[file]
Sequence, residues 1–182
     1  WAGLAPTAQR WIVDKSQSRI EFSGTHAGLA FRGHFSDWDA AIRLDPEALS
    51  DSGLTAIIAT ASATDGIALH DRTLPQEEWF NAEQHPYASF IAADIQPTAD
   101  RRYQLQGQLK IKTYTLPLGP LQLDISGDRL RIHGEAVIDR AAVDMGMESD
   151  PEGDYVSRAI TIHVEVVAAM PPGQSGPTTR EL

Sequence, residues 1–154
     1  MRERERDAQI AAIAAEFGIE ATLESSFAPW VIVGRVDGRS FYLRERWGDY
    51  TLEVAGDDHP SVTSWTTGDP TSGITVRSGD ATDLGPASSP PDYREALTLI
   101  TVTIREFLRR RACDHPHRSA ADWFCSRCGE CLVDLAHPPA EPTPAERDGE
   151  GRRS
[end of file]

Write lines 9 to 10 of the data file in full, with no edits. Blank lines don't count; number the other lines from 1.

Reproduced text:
   101  TVTIREFLRR RACDHPHRSA ADWFCSRCGE CLVDLAHPPA EPTPAERDGE
   151  GRRS